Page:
We could comprehend why she was drawn to this place back in 2016. As we sat on the end of the dock together, the sun setting before us, it was hard not to get emotional as she talked about her unwavering commitment to this cause. 

Rachana arrived at Koh Ach Seh with little knowledge of the ocean, yet she quickly recognized the severe impacts of fishing on marine life. During her six-month internship, she learned to dive and was captivated by the glimpses of beauty beneath the surface—from Irrawaddy dolphins to those special seahorses.

Inspired by MCC’s nurturing environment, which encourages creativity and personal initiative, Rachana was hooked and, in her words, "was never leaving." She decided she was to commit herself to educating and involving local communities in this journey to restore the ocean in her way.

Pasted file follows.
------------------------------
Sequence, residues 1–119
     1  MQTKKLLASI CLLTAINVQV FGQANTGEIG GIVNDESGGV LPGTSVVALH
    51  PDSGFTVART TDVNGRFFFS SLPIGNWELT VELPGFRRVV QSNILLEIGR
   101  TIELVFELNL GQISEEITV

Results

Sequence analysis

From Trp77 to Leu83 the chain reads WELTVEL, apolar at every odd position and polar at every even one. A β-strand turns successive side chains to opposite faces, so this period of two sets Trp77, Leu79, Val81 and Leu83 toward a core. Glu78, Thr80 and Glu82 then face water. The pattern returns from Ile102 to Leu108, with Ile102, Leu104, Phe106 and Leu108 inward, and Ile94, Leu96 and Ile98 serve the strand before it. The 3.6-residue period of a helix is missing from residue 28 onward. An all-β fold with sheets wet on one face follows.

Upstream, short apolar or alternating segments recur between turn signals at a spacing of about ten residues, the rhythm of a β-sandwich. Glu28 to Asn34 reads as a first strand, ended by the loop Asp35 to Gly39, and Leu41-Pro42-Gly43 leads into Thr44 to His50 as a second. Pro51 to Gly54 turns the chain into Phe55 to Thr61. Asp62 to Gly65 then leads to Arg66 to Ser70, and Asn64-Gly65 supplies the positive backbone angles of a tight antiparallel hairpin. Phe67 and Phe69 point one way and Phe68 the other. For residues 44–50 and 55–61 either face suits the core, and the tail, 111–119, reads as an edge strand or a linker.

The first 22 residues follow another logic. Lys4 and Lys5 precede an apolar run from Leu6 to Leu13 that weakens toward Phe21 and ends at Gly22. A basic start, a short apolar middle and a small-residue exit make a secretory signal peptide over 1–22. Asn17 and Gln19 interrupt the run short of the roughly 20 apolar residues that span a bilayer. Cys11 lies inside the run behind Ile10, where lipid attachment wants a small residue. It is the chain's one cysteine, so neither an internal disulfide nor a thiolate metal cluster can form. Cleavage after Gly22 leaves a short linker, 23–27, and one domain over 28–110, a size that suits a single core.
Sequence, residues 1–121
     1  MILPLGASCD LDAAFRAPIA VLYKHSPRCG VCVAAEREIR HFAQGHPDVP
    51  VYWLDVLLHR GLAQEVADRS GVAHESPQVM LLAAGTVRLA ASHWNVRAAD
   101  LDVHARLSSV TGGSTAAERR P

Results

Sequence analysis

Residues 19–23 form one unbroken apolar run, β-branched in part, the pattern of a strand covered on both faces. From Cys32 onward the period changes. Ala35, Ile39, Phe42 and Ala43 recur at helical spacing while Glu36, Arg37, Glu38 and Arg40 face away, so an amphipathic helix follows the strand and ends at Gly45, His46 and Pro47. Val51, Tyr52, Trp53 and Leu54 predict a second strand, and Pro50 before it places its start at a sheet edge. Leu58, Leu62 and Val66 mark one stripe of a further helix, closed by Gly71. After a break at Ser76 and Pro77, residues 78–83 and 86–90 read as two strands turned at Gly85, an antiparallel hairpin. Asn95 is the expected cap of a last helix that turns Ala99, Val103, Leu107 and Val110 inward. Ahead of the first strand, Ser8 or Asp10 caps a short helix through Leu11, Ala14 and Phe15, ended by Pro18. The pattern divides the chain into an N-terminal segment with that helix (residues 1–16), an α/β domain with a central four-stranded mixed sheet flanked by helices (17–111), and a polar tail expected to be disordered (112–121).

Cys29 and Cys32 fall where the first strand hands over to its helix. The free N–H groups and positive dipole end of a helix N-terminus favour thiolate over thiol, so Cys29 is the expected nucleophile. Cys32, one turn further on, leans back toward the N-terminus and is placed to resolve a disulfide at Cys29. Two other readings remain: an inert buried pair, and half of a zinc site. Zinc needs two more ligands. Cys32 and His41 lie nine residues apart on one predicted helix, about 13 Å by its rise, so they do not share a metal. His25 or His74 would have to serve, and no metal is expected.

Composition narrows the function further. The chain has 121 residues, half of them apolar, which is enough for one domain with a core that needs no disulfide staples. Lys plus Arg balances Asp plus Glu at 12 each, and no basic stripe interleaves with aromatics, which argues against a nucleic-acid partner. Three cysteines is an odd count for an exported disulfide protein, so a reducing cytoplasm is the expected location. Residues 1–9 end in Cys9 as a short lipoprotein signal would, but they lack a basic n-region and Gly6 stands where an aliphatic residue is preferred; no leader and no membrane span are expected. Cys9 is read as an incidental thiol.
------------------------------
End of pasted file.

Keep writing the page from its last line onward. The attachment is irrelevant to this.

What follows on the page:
Rachana witnessed a transformation in the battle against illegal fishing, as MCC’s consistent efforts began yielding results and garnering support from local authorities. 

With the situation becoming more manageable, the team has expanded its focus beyond combating illegal fishing to include projects like seagrass restoration. 

Remarkably, she has observed a significant success here with new seagrass covering around 1,200 hectares in just a year, all of which play a vital role in revitalizing marine life in these waters. She even recently saw a dugong and its calf return to the area—a sign unlike any other that their work is coming to fruition. 

RELATED: Cambodia - Great Hope for Small Whales.

For Rachana, there is no such thing as a day off. The minute her eyes leave the sea, there is an open window for taking steps backwards. And this is something she will not allow under any circumstance. 

All of the hard work and dedication that has been put into these waters is a fight for survival. There have been sleepless nights, tears shed, and victories celebrated. Yet, to her, the work has only just begun.